The second challenge with cross-cultural management is hierarchy. U.S. business culture tends to be very top-down and hierarchical. “But other businesses are less centralized; this is common in northern European countries,” Nicolas Krafft says.
For example, a team in Germany might take the time to gather feedback from every team member before making a decision. That’s quite different from most U.S. companies, where executives are often expected to make the decisions.
Understand how each culture approaches authority and decision making in the workplace. A dose of awareness will help you adjust your processes to accommodate each culture’s approach.
3 – Terminology
The last challenge of cross-cultural management is terminology. Just because you have a bilingual team doesn’t mean everyone perceives terminology the same way.
Words have different meanings in different cultures, even when you translate them. Minimize terminology mixups by getting your entire team on the same page during a kickoff call, or ideally a face-to-face meeting. “Clarify all definitions in the beginning to avoid any misunderstandings,” says Nicolas Krafft.
Global leadership is for both business and personal life
Although cross-cultural management is challenging, it’s worth the investment, leading to huge wins in both the business and personal spheres.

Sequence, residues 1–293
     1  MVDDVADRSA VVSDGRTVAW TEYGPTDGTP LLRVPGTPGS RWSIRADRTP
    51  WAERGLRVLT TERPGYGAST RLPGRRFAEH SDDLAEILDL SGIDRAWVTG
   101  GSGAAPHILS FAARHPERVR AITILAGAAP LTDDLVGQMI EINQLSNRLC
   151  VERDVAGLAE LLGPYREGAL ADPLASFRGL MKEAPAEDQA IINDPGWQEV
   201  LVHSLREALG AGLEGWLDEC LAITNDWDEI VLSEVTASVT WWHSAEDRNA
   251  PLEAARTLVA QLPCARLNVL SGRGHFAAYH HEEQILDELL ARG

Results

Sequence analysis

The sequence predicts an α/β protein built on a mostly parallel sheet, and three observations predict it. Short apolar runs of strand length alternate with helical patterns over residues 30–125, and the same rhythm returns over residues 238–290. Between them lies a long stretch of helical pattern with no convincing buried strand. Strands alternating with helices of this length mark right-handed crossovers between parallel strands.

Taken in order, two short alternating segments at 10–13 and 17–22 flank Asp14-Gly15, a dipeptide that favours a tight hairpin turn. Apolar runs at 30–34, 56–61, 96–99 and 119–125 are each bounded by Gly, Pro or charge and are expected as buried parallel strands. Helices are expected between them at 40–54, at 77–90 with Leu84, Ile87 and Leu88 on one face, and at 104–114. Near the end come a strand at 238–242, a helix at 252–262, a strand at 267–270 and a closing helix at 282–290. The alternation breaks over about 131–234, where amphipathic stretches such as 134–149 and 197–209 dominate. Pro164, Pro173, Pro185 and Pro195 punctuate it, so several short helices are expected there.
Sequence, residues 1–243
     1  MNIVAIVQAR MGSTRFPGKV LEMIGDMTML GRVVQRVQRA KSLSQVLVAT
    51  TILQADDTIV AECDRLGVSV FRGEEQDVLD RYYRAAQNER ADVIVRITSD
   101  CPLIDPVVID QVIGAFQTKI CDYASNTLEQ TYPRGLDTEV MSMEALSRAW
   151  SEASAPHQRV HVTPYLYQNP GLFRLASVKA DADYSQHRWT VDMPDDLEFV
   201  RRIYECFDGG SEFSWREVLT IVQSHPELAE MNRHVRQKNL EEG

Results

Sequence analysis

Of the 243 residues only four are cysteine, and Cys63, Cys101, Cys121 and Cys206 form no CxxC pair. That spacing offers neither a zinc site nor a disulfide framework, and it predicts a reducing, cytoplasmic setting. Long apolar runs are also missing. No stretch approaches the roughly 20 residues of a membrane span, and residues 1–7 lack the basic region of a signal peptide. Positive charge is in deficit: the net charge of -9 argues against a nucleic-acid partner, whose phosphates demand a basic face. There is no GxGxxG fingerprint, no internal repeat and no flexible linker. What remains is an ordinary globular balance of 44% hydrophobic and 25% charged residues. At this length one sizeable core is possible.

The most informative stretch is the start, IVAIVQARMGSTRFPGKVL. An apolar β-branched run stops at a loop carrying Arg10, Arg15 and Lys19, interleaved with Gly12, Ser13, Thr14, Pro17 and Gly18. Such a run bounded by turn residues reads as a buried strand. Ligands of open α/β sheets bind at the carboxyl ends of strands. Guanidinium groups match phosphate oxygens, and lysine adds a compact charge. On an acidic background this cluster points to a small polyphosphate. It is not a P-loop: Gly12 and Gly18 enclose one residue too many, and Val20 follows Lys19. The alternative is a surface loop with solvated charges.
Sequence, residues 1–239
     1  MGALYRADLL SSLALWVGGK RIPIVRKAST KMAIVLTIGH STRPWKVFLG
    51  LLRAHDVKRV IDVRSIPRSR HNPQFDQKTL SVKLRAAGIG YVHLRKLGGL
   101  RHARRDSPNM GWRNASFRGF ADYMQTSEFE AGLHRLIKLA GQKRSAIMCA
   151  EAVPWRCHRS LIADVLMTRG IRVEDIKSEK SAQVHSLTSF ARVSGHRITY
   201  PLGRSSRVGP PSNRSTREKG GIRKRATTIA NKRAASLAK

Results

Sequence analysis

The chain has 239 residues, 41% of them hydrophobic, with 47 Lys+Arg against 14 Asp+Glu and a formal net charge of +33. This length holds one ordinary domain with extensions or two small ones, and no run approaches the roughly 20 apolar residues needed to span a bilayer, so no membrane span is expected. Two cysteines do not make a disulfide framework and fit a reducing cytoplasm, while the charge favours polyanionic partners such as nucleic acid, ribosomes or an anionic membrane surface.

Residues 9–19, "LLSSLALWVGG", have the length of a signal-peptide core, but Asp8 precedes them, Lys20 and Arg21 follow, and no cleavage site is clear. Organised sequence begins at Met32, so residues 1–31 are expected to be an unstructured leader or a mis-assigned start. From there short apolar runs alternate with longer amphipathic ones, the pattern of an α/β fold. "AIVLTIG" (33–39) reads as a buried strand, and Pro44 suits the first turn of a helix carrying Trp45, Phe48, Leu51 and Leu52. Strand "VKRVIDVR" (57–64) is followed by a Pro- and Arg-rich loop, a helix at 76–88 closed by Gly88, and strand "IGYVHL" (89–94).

Diverse teams lead to better business results, which translates to:
- 87% better decision making.
- Better profits (43% of diverse businesses earn more)
- A 35% lift in performance
Who wouldn’t want a significant lift in revenue and output? Successful cross-cultural teams show the power that diversity of thought can have for corporations.
But there’s another side to cross-cultural leadership: it’s personally enriching, too. “I had the chance to visit over 60 countries. Everyone has a different approach to life depending on the culture,” Nicolas Krafft says.
As a leader, you might need to live and work in another country for weeks at a time. That’s a priceless experience that not only gives you firsthand experience in a foreign market but makes you more well-rounded and curious as a person.
“Traveling, living, and working abroad will change your perspective for the better,” Nicolas Krafft adds.
Nicolas Krafft’s 4 tips for managing a cross-cultural team
Every cross-cultural project will be different. The correct approach depends on cultural differences within your team. You can prepare leadership for cross-cultural management, but Nicolas Krafft believes much of it is learned through doing.